The obvious remedy against such reductionism and hubris is desynchronization. If, at least occasionally, my individual time gets out-of-sync with other times, this helps me acknowledge their difference and appreciate the colorfulness or experiential variety of human existence.Footnote 30 If a child disturbs her or his parents during work, this can also be a remedy when it makes the parents realize that “work is not everything.” The breakdown of my car, which pushes me out-of-sync with several appointments, might make me realize the beauty of the nature around me which I would have otherwise missed. It is, to use an analogue from jazz, like a blue note: something which occurs only occasionally, something which drops out of the common scheme but is still fitting, and something which makes the listener startle in a positive way, raising his curiosity to what will happen next.Footnote 31

The upshot of this section is that well-being requires both parts of a conceptual dichotomy. Similar to Sect. 2, where the importance of both A- and B-well-being was acknowledged, it is the importance of both, synchronicity and desynchronization, that has come to the fore. In the remainder of this paper, I take a closer look at this communality and what it might tell us about a possible general relation between well-being and relative timing. To do so, I take a step back and re-approach the topic of time from a rather mundane perspective. Two very general and common associations will help in my little systematization, and they will also bring out more carefully the importance of the “experiential blue notes” just mentioned.

The common theme: in need of recurrence and change

In everyday life, there are two—indeed opposing—characteristics typically associated with time: change and recurrence. Time is about things changing (flowers blooming, fog dissipating, people getting older …) as well as about regularities and constancies (sunrise every morning, streetlights every night, spring every year …). Both these characteristics relate to well-being.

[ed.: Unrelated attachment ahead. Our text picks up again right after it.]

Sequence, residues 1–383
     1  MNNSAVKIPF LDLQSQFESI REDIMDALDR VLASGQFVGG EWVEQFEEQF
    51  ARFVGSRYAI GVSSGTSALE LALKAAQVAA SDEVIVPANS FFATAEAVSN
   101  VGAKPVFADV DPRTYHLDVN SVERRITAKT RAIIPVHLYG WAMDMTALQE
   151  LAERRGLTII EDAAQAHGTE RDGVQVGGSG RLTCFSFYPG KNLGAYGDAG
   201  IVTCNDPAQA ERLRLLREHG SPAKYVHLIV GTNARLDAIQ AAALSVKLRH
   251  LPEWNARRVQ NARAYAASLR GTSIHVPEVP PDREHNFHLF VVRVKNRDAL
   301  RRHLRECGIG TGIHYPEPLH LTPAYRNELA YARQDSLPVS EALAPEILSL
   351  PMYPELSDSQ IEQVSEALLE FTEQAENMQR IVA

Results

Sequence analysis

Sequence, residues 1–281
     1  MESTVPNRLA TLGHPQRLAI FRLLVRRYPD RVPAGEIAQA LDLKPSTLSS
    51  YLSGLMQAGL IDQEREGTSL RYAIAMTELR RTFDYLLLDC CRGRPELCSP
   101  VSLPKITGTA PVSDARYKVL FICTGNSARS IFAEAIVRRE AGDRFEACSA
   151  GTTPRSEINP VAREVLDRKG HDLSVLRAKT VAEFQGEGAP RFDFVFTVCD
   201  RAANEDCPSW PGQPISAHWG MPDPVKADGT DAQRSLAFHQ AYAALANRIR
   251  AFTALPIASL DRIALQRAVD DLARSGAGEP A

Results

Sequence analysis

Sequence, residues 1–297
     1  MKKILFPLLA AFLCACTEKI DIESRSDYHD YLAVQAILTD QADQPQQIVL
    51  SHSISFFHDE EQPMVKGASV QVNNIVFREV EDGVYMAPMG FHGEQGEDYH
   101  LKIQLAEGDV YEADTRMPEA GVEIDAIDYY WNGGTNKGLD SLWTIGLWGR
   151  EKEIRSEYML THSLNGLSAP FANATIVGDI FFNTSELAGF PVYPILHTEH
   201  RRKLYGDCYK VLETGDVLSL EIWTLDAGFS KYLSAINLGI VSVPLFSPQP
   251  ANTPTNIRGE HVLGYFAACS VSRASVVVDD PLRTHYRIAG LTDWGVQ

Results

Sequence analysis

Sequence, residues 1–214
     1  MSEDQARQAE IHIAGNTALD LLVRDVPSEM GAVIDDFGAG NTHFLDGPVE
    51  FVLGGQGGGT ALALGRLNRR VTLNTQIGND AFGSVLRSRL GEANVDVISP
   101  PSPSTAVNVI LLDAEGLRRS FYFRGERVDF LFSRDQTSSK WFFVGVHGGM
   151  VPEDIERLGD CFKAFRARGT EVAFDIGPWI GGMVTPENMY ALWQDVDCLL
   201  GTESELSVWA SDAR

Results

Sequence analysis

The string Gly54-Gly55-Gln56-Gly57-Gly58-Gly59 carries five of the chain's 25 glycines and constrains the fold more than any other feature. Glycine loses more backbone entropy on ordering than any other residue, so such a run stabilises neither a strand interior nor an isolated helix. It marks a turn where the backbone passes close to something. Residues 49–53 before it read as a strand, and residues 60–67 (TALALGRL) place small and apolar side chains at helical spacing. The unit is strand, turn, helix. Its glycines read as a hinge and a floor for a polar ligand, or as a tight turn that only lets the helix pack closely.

Recurrences provide stable structures and hence orientation. This is true in everyday life and daily interactions, from train schedules to opening hours of shops to the structuring of political systems (election periods, …). It is true for religious and spiritual contexts (rituals as recurring events spread over, for instance, the church year) and indeed in the simplest sense for physical health (day-night-rhythm).Footnote 32

However, change is important, too. Celebrating recurring events (religious and mundane) might indeed be very important, but it would hardly be bearable if the single events or days were exact copies of one another. The film Groundhog Day explores what it would mean to be trapped in such repetition. Well-being, and indeed a good life in general, must include novelty. Living and rational beings seek novel experiences because pure repletion unavoidably leads to fatigue (Whitehead 1929). To put it in terms of a physical (thermodynamical) analogue: Living rational beings are not perpetual motion machines; some energetic (or rather entropic) input is always needed for the system to continue running.Footnote 33

This leads back to desynchronization and the occasional blue note. In order to avoid misidentifications of temporal dimensions, it is important that occasionally something unexpected happens—that is, something which offers a new experiential contrast, but one which does not appear to be completely random. A new experiential contrast offers something unexpected but still recognizable and capable of integration into the larger whole of, for instance, a musical theme or a life story.

Thus, the interplay of recurrence and change is deeply embedded in our everyday experience of time. This interplay also lies at the heart of temporal well-being, as discussed in Sect. 3 in terms of synchronicity and occasional desynchronization. Whereas synchronicity is about orientation and stability (due to recurrence), change is important to the improvement of life.Footnote 34 The danger lurking behind completely change-free recurrence (that is, fatigue) is just a variation of the danger lurking behind fully in-tact synchronicity (that is, misidentification). This is because both fatigue and misidentification originate from missing contrasts, and the danger in both is that dimensions of experience (political, scientific, religious, artistic …) fade away or get lost.

Impressions, protentions, retentions, memories, and anticipations are constitutive of time consciousness. They are also essential for well-being. Their inner dynamics can, again, be understood in terms of relative tuning. And, again, there is a need for change or occasional desynchronization. Within individual time, such desynchronizations often occur in occasions of being surprised or startled. Such occasions make one aware of one’s bodily presence and of the present as something different from the past.Footnote 35